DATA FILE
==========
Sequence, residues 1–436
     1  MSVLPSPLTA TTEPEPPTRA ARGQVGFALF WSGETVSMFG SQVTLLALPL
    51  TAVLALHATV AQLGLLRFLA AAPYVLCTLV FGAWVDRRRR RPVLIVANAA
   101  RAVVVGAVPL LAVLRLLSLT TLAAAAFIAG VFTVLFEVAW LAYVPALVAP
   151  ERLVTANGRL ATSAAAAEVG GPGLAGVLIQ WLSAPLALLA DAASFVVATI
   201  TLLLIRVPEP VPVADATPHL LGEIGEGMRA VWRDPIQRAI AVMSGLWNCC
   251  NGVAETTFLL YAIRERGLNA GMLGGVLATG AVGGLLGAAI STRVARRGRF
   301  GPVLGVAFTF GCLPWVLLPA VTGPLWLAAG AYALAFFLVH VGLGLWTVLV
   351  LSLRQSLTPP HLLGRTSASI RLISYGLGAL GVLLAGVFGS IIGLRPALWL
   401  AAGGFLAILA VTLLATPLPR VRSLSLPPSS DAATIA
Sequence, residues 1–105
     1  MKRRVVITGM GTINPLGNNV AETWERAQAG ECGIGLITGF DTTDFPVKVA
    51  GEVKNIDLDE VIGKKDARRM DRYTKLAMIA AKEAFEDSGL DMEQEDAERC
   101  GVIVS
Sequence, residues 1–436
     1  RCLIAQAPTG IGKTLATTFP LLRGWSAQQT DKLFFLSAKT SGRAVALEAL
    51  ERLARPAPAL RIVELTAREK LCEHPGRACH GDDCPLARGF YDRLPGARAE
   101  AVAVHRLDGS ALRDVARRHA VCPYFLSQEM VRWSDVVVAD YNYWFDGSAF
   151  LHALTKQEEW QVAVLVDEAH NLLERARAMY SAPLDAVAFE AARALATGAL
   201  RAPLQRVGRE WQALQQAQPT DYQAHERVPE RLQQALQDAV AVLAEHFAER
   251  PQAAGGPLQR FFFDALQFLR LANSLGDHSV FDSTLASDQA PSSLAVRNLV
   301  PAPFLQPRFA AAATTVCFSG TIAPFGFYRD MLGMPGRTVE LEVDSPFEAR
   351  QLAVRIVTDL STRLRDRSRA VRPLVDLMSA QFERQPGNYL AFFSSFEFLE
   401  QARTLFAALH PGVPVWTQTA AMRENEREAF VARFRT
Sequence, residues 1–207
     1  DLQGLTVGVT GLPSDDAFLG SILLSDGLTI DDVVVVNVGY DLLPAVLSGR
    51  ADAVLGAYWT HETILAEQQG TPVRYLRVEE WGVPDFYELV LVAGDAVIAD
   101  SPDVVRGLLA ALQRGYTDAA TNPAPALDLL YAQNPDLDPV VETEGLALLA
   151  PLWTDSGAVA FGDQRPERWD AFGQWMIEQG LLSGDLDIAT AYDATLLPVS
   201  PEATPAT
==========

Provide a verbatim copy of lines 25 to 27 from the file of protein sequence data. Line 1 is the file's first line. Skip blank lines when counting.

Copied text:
Sequence, residues 1–207
     1  DLQGLTVGVT GLPSDDAFLG SILLSDGLTI DDVVVVNVGY DLLPAVLSGR
    51  ADAVLGAYWT HETILAEQQG TPVRYLRVEE WGVPDFYELV LVAGDAVIAD